Naomi: I definitely think – and I wouldn’t say that I did this consciously – but I had, whilst I was writing it, I had been going out on little runs in various places where I was and I travel around quite a lot, so I’d just go out wherever I was. So I definitely think that I had in mind all the time people would be using it in different environments. Also I think we benefit a lot from people’s ability to overlay a story onto the environment they’re in. It’s something that writers think about a lot actually, is how much your audience has to bring to the work, and how much of an audience’s experience of the work is dependent on what they bring to it actually, rather than what you give them. So we’ve left the descriptions of the geography – of where you are – really quite vague, and that’s on purpose, an occasionally people say ‘we should do a map’ and I just think we probably shouldn’t do a map, because once you do a map, then it takes away from people’s ability to imagine that they can instantly be in town the minute they’re out running. But also I think we tend to give quite vague descriptions of things, so we say ‘see the tall tower there with the red sign on it’, and this could be anything, from a three storey building to a skyscraper and people overlay that onto the landscape, because they want to see it. Basically we’re taking advantage of the fact that people want to see what they want to see.

Kris: For me it was a church in my village that was the tower.

Naomi: Excellent.

Kris: You just pounce on these things when you see them, just make a beeline straight for them. It’s a fantastic feeling when you get that.

Naomi: Excellent, excellent. I go out with it still, and there’s one where they’re talking about the old castle and a certain point I was running past an old castle and that was amazing. But also, you interpret any building more than fifty years old. You go ‘oh yeah that could be an old castle, they probably bashed it around a bit’, because you want it. I suppose it’s a kind of Derren Brown thing or cold reading, people want to be helpful. And so if you say to them: ‘Do you see the old castle?’ They will try and find an old castle.

Kris: They’ll fill in the gaps for you, almost like a choose-your-own-adventure story. We gravitate towards these gaps and try and fill them.

Naomi: Absolutely so.

Kris: An interesting thing I found was that, as I was running – I was running over winter actually, so it was quite cold out and hardly any people were out, so it was very bleak and almost apocalyptic – but if I did see people, I would almost turn my head and edit them out of my vision, almost as if I was filming.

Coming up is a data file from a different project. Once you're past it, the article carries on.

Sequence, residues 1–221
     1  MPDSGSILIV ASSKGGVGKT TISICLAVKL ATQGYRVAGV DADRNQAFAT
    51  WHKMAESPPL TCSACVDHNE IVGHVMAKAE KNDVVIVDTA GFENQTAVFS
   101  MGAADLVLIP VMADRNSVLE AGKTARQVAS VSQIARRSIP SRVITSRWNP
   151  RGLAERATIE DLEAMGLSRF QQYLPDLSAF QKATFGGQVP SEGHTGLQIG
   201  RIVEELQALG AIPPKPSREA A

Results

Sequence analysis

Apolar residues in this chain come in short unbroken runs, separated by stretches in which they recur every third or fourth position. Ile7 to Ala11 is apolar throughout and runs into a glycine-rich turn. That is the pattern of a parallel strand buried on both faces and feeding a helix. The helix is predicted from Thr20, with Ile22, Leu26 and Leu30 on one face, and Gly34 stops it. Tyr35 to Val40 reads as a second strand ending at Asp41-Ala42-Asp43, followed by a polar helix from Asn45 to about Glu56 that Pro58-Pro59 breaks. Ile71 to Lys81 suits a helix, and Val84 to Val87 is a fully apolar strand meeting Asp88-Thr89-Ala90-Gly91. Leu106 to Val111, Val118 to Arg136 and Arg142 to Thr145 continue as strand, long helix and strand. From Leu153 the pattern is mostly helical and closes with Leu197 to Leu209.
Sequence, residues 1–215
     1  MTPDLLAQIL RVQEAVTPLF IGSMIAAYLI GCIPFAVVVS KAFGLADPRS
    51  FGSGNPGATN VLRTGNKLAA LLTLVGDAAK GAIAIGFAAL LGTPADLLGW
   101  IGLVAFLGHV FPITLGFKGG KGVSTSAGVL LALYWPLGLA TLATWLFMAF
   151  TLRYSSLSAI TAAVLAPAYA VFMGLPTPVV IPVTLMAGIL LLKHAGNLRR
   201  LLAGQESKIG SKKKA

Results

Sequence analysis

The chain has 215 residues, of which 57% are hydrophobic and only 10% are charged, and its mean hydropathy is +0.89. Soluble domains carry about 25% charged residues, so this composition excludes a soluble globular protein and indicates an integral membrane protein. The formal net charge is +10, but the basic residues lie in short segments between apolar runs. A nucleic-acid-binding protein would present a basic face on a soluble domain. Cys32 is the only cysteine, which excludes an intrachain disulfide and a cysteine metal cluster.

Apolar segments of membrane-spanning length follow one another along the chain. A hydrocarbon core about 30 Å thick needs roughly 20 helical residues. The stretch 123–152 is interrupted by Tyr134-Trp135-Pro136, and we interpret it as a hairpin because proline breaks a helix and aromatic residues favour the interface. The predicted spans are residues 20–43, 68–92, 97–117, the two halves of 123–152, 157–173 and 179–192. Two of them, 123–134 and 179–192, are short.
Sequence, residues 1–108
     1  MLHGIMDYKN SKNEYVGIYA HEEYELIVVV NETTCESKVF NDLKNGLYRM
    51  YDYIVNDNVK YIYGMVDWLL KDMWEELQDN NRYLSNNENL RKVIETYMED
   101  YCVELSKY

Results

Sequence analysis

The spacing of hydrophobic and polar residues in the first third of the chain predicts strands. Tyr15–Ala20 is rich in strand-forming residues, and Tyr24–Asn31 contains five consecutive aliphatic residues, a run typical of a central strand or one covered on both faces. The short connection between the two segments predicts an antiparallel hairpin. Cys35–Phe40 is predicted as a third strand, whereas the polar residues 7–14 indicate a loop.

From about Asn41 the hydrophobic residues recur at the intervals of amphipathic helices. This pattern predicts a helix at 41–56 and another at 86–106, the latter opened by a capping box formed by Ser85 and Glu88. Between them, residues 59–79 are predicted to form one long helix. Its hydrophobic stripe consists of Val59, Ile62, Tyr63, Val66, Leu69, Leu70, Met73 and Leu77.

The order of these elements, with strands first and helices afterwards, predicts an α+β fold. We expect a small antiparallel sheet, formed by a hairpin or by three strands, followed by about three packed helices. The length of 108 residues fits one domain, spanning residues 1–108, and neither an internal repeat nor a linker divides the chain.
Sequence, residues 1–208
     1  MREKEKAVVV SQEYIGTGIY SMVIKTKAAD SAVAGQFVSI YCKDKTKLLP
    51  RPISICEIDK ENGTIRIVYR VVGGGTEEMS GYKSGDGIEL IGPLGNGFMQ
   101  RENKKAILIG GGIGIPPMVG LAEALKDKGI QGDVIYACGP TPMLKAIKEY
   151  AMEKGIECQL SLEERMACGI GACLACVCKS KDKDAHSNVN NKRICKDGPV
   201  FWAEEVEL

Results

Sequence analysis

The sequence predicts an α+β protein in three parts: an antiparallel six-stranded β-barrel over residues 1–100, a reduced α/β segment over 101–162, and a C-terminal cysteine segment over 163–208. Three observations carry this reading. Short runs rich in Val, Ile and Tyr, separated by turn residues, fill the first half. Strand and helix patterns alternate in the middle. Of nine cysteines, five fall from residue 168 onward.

Naomi: Amazing. But if you had been in a huge park, full of people, you might have interpreted them all as zombies.

Kris: Exactly, and I think that’s very interesting how we instantly try to deliberately keep ourselves in front of the curtain, looking through this frame.

Naomi: Yes, and as long as we don’t deliberately break it for you, and people say to us ‘oh but we’d love to have missions that we could run in my area, where it tells me to go to this supermarket’, and you really wouldn’t actually, you wouldn’t like it to be  that specific. You don’t want to have to go to an actual hospital, in order to pick up bandages. For one thing, this would make your runs terribly annoying, because who knows where the nearest hospital to you is, but for another thing, I think part of the enjoyment of it is being encouraged to do a little bit of imaginative projection.

Kris: Exactly, which comes back to this idea of running, and how that helps facilitate this ability for us to conjure up these imagined geographies. It is a radio play in some senses as well, which plays very heavily on our imagination. I think what’s quite interesting for me is that I’ve almost made is specialised to that particular geography myself. It has become personal to me, I can’t imagine playing that game in any other location than where I experienced it. It seems very strange to me, I’ve got it all mapped in my head, it’s all transposed onto the village, which I think is very interesting.

Naomi: That is great. People talk about location-based gaming as if that means site-specific, but actually they’re very different things. I think that exact thing is very enjoyable. Just to be encouraged to imagine, to be encouraged to do a little bit of make-believe and to be given the tools to do it with. 

Kris: I totally agree. In my area of research, performance studies, the term ‘site-specific’ is really contentious because you have to first define ‘site’ and then define how it is ‘specific’, and what you find out that everything is in a sense site-specific, you make it specific to it. It doesn’t matter if it’s got a GPS element to it or not, you can make it specific to your experience.

Naomi: That’s really interesting, because wherever you are you’re somewhere.